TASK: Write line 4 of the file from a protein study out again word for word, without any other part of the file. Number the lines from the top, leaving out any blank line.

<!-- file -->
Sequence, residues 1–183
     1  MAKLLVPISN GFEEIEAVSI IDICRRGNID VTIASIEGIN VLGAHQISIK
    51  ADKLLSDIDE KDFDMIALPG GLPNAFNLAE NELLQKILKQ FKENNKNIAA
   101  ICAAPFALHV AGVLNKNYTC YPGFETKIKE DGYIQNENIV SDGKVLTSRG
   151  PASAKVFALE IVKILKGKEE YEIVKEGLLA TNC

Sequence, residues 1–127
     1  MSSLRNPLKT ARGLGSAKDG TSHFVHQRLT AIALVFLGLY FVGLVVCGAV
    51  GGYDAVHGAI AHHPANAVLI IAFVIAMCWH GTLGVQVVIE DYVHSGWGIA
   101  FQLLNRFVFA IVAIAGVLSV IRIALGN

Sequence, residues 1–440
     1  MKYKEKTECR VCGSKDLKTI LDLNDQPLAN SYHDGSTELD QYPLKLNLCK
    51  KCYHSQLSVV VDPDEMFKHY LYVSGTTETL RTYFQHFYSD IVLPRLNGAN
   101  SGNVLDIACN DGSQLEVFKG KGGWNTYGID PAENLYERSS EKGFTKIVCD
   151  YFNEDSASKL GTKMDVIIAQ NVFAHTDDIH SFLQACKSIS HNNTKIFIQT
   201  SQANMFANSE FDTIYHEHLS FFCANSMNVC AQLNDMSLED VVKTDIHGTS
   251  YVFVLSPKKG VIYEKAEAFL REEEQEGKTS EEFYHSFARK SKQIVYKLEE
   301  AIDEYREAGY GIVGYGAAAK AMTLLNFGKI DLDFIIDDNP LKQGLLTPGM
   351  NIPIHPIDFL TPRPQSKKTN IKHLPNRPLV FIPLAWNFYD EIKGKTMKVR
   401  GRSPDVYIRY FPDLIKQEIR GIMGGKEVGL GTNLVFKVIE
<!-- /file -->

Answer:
   101  ICAAPFALHV AGVLNKNYTC YPGFETKIKE DGYIQNENIV SDGKVLTSRG